Is there any reason, except performance, for using WebGL instead of 2D-Canvas for 2D games/apps?

In other word what 2D functionalities are offered by WebGL which are not possible to achieve easily with 2D-Canvas?

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    By the way: While you can't use the 2d and the 3d context API on the same canvas, you can still combine them by using multiple canvases. WebGL can use 2d canvases as textures and 2d canvases can use WebGL canvases as sources for drawImage.
    – Philipp
    Feb 7 '14 at 8:26
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    For a few more details on @Philipp's comment see this Q/A.
    – bluenote10
    Jun 13 '21 at 20:04

Looking at this question from another side:
how does a developer choose one technology over another?

  • integrates better in their already built system
  • is easier to use
  • is faster
  • has more capabilities or better suits their needs
  • cost
  • more platfrom-independant

So I'll discuss the differences between canvas and webGL APIs regarding these qualities.

Both canvas and webGL are JavaScript APIs. They are pretty much the same regarding integration (binding). They are both supported by a number of libraries that could speed up your coding. Different libraries give you different ways to organize your code, so library choice dictates how your drawing APIs are structured, but it's still pretty much the same thing (how the rest of the code binds together with it). If you use library, the ease of writing code depends on the library itself.

If you write code from zero, the canvas API is much easier to learn and understand. It requires minimal math knowledge, and development is fast and straightforward.

Working with the WebGL API requires strong math skills and a full understanding of the rendering pipeline. People with these skills are harder to find, production is slower (due to the size and complexity of such a code base), and therefore it costs more.

WebGL is faster and it has more capabilities. No doubt about that. It's a native 3D API that gives you full access to the rendering pipeline, code and effects are executed faster and are more 'tweakable'. With webGL there really is no limit.

Both canvas and webGL are html5 goodies. Usually the devices that support one will support and the other.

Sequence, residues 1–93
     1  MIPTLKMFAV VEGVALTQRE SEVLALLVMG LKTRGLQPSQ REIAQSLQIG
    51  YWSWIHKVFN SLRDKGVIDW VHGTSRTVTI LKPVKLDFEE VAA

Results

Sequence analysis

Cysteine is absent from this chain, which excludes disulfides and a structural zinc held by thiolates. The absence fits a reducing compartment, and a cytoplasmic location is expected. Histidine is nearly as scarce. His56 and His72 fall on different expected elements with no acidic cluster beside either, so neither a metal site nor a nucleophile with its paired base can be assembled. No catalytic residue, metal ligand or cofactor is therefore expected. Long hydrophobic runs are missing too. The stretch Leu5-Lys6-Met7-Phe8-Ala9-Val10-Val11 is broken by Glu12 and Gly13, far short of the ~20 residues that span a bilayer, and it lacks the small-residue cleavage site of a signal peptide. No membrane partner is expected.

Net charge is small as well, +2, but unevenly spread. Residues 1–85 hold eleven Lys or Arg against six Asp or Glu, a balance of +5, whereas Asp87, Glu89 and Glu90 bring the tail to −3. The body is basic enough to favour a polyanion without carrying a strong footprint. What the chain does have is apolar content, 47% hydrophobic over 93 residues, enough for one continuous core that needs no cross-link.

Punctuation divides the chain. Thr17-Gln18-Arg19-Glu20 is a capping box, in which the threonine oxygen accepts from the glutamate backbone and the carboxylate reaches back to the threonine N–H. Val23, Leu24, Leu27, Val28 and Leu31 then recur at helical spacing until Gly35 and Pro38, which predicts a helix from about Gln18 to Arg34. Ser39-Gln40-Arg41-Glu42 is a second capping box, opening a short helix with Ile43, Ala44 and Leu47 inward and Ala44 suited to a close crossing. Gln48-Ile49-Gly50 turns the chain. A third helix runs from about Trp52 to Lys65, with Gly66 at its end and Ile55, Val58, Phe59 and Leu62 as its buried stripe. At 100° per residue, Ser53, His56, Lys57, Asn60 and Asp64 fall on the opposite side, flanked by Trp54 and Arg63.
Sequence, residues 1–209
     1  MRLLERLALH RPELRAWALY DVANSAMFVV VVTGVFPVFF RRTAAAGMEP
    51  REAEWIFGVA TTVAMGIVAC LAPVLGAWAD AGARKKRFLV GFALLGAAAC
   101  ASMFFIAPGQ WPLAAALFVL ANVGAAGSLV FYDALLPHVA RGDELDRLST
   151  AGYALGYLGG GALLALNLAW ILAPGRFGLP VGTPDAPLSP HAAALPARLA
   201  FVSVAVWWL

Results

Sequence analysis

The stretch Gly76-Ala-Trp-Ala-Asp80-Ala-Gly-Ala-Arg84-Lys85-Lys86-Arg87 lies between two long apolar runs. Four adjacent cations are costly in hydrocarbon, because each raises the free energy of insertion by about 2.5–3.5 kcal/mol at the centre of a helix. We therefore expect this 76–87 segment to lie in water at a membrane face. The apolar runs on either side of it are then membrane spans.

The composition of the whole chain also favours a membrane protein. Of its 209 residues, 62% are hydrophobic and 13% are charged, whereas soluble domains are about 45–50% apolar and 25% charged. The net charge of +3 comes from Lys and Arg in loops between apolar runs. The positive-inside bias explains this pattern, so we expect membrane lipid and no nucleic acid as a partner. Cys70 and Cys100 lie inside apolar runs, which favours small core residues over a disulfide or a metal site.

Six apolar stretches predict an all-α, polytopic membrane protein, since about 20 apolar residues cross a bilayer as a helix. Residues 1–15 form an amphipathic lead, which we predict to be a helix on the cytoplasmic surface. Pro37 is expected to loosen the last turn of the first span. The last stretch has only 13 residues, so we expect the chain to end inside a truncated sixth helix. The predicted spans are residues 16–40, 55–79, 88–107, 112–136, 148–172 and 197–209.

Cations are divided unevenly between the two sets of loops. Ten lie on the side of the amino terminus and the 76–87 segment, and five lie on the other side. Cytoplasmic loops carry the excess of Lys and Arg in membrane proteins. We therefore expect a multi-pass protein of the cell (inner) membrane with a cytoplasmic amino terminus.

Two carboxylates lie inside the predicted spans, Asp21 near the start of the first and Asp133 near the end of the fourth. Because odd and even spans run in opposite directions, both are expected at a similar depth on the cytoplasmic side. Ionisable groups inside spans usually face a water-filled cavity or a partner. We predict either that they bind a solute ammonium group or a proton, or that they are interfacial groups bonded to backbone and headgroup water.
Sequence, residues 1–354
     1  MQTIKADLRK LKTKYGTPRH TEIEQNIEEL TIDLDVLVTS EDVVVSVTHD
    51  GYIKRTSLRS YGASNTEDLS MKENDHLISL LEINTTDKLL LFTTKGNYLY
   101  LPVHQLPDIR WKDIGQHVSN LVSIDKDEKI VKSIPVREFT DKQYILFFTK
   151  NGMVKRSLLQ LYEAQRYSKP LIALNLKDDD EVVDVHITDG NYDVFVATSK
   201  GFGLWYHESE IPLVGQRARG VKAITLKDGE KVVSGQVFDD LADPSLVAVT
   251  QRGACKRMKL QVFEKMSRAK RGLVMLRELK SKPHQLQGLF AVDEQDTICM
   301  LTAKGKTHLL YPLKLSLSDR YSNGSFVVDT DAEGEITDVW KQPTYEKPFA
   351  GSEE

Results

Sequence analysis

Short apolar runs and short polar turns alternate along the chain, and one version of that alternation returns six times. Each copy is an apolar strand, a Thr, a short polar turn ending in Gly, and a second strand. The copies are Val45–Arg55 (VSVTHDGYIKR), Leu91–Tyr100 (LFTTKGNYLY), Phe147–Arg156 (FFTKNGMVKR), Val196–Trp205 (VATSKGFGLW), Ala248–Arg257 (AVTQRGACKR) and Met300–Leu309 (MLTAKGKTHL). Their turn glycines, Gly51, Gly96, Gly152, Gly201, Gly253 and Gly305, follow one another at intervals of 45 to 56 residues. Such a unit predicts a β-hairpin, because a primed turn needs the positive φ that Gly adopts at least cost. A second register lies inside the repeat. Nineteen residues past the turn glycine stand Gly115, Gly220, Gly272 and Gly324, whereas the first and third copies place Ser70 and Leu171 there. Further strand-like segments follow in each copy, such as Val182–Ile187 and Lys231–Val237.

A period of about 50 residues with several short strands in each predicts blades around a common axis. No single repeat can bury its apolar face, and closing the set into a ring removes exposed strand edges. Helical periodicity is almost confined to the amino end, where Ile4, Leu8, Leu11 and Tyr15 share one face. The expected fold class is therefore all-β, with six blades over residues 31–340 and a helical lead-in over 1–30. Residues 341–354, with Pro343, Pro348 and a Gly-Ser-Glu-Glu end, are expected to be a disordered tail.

So, to sum up:

  • merging the drawing API code and the rest (integration): similar
  • ease of use:
    • (with library) canvas = webGL
    • (from scratch) webGL << canvas
  • speed: webGL > canvas
  • capabilities: webGL > canvas
  • cost: webGL is much more expensive
  • platform: very similar

Hope this helps.

P. S. Open for discussion.

  • @Abstract, Where are good tutorials for web GL and how many hours will it take?
    – Pacerier
    Oct 19 '17 at 4:46
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    @Pacerier just google it, first few hits are probably good enough. However, it will take weeks and months to get good at webgl and graphics programming in general, and years to be really good. It's not just some random "library" that you need to learn API for and that's it. Oct 19 '17 at 10:14
  • @AbstractAlgorithm, I mean if you're alr a master with programming canvas , how many hours will switching to web GL take?
    – Pacerier
    Oct 22 '17 at 16:52
  • @Pacerier that depends on the dev and as Abstract already said the math skills of the dev involved. There really isn't a quantification that can be made. Oct 23 '17 at 12:43
  • thanks for this comparison. any updates in 2021, or do you believe this analysis still holds?
    – Crashalot
    Jan 5 '21 at 23:23

The biggest advantage is the programmability of the pipeline, and the performance. For example, say you are drawing 2 boxes one above other and one is hidden, some GL implementations have scope for discarding the hidden box.

As for comparisons, Since there is no quick way of creating a table here, I just uploaded a picture of the comparison table below. Added Three.js for completeness only.